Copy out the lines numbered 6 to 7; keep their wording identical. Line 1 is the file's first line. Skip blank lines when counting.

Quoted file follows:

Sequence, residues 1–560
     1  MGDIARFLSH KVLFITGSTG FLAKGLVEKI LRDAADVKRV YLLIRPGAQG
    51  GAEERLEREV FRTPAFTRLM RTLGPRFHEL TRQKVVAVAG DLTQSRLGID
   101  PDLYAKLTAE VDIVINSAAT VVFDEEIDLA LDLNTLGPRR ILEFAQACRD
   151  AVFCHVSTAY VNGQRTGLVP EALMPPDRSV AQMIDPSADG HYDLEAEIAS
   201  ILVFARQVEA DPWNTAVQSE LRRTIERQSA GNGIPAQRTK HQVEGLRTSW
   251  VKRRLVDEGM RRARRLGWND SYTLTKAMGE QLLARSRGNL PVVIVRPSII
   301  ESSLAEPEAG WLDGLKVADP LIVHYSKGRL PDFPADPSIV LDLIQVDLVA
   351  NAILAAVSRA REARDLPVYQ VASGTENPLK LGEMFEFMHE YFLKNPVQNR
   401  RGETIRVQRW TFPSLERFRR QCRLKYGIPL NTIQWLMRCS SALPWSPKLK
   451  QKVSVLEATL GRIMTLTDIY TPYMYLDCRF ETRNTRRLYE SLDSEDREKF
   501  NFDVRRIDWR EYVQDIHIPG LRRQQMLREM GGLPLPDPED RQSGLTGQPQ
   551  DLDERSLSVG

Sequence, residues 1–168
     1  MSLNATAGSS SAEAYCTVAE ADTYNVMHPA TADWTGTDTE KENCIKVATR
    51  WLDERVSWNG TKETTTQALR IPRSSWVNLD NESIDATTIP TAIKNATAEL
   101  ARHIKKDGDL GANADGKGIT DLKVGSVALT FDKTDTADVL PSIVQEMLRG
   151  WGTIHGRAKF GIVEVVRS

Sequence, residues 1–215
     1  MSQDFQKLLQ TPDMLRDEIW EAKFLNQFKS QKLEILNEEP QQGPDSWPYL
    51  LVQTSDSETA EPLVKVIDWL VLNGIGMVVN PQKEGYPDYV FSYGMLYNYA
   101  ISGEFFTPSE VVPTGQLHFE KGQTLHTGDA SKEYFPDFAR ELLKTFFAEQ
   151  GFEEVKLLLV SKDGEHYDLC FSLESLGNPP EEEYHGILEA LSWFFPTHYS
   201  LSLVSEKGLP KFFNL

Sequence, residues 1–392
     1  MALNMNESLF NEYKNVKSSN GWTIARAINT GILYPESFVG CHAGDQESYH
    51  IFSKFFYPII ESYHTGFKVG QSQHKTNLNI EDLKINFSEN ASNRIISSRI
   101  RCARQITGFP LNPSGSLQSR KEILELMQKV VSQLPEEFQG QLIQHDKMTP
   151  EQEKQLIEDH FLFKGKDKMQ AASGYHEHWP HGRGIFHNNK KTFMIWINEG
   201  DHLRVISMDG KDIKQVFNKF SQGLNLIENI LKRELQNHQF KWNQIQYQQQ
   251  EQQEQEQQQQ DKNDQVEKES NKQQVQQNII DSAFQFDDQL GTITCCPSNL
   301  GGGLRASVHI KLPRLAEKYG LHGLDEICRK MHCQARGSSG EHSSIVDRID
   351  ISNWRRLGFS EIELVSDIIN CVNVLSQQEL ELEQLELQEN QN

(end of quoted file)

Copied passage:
   201  ILVFARQVEA DPWNTAVQSE LRRTIERQSA GNGIPAQRTK HQVEGLRTSW
   251  VKRRLVDEGM RRARRLGWND SYTLTKAMGE QLLARSRGNL PVVIVRPSII